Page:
In 1917, Theo van Doesburg unveiled a magazine that would change design. Entitled De Stijl ('The Style'), the magazine -- and the eponymous movement -- promoted a new vision of the arts. De Stijl designers rejected natural forms in favor of... [more]
In 1917, Theo van Doesburg unveiled a magazine that would change design. Entitled De Stijl ('The Style'), the magazine -- and the eponymous movement -- promoted a new vision of the arts. De Stijl designers rejected natural forms in favor of geometric purity -- in particular, they used the rectangle to achieve abstract objectivity. Their reliance on primary colors, contrasted with black, white, and gray, added to the minimalist feel. At bottom, De Stijl design was interested in paring things down to the absolute essentials, creating a universal language of abstract Cubism. (Visual artist Piet Mondrian called this Neo-Plasticism.)
Perhaps the best examples of De Stijl in graphic design can be found on the covers of the magazine itself. An early 1917 design by Vilmos Huszar is a study in ultimate geometric balance. The cover image is basically a yin-yang symbol turned rectilinear: a white L-shaped space interlocks harmoniously with its inverted black counterpart, with contrasting squares floating serenely over both. Even the magazine's title is reduced to its geometric essence. At first glance, we simply see a conglomerate of more rectangles. But upon closer inspection, the mass reveals itself as a highly stylized set of letters: 'De Stijl.'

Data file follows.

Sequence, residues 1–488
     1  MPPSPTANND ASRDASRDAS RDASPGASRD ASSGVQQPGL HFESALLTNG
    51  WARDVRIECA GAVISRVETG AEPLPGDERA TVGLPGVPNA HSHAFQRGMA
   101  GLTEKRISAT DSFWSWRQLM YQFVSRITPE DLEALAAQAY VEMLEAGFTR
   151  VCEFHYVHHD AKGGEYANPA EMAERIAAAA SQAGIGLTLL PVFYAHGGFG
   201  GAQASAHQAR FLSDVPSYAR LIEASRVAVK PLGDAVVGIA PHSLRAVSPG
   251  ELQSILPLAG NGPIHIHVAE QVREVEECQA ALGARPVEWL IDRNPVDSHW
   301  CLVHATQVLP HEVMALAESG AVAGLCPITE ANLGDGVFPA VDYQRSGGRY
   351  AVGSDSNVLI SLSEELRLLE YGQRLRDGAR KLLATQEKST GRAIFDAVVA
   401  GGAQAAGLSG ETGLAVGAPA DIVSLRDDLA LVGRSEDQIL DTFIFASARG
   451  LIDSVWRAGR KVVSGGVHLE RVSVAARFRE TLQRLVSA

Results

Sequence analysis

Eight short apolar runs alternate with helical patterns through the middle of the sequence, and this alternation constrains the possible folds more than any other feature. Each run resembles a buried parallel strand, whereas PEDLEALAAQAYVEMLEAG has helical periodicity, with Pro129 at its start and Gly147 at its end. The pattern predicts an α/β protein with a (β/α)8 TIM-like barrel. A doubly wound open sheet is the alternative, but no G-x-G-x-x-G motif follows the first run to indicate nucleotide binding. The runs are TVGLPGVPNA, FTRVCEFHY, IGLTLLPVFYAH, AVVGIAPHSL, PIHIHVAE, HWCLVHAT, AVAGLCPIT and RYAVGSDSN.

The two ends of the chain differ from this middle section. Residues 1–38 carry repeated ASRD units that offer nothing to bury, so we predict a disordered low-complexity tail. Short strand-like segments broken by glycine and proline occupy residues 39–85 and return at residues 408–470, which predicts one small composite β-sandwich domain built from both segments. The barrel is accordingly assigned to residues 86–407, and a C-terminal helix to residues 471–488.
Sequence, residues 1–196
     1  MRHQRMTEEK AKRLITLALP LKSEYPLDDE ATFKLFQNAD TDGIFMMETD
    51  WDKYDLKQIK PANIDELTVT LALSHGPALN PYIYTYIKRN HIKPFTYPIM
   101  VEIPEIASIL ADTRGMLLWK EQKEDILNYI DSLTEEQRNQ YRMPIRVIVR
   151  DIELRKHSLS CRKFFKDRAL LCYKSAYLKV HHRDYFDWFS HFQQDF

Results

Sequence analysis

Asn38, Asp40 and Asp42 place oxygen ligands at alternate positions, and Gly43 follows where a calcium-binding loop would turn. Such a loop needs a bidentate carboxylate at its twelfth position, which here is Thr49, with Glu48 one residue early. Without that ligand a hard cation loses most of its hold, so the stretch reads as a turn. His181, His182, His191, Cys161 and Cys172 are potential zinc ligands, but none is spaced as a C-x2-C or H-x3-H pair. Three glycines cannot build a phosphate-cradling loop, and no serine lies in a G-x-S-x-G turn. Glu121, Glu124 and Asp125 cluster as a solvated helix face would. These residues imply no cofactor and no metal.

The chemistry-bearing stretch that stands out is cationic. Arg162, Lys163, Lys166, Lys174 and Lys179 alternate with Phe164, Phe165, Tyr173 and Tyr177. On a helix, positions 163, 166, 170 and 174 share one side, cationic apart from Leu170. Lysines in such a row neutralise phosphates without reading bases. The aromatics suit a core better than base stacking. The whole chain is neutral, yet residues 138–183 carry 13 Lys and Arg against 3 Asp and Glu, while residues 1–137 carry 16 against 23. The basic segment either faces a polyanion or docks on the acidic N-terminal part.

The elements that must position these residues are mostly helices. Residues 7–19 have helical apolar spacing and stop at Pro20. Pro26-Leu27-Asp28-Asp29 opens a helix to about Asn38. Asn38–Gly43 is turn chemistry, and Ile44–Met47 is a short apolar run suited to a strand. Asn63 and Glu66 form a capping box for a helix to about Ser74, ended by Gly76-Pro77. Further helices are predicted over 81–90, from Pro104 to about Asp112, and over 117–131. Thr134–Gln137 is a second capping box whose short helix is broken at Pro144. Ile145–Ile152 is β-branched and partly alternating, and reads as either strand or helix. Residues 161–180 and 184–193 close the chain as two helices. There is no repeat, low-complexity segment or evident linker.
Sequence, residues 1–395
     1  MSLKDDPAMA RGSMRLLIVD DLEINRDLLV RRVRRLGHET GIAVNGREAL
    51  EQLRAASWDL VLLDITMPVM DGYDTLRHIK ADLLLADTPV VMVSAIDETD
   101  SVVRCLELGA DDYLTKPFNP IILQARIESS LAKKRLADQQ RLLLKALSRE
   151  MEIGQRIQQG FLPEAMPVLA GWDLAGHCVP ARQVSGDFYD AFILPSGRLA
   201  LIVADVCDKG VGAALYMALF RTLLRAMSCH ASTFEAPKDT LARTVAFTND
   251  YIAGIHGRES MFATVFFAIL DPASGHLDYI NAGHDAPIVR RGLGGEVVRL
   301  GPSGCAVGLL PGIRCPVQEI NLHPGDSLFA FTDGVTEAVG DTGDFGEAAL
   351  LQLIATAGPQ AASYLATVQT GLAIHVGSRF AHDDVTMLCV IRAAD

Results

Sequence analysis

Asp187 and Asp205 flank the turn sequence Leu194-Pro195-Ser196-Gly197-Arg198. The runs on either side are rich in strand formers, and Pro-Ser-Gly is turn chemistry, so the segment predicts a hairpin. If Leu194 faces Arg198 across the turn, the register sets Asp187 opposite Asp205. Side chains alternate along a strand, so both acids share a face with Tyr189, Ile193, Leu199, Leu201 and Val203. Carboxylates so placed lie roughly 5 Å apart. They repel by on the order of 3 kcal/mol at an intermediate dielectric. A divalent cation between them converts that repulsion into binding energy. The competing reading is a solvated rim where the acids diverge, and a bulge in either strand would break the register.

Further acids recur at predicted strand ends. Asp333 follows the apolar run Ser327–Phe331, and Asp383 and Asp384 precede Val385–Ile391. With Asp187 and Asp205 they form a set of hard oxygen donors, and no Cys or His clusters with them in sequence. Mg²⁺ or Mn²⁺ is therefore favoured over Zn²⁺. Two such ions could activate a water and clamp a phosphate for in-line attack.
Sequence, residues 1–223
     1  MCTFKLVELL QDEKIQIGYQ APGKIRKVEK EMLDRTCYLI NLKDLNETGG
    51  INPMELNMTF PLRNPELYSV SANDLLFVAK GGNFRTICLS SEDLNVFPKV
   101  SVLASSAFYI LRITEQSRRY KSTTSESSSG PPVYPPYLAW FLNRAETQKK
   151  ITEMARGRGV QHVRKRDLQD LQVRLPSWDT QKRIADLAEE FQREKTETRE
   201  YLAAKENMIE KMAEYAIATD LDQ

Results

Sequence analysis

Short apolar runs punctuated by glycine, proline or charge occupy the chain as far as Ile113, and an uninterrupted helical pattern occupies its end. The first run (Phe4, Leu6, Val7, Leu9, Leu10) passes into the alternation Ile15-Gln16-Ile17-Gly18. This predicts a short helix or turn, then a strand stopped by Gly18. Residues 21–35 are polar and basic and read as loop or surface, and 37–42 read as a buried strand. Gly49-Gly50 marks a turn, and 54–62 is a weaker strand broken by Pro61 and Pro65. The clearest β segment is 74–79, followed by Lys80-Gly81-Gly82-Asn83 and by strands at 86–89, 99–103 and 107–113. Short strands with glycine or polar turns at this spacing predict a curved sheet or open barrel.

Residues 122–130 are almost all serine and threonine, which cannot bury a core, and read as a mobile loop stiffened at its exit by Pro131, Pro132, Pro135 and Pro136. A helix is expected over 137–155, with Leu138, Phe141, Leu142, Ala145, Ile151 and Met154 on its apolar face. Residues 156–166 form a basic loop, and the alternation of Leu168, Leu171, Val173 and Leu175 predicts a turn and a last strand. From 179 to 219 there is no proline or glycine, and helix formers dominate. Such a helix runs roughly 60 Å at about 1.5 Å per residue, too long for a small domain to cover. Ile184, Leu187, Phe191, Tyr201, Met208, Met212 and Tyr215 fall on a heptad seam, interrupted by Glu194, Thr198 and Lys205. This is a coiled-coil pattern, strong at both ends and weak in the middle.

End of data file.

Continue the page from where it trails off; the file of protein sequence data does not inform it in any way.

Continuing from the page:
In general, De Stijl graphic design was very disciplined, employing straight lines, tight blocks, and innovative asymmetrical layouts. Designers also experimented with versions of sans serif typeface, eschewing what they saw as the unnecessary embellishments of traditional types. This insistence on typographic structure and unity laid the groundwork for the later International Typographic Style.
De Stijl magazine was published until Theo van Doesburg's premature death in 1931. Without him at the helm, the movement's momentum gradually ground to a halt. In transmuted forms, however, the movement lived on, echoing in the clean designs of Germany's Bauhaus and Switzerland's post-WWII typographic revolution. For its insistence on a new aesthetic unity, De Stijl is generally acknowledged as the first modern design movement. [show less]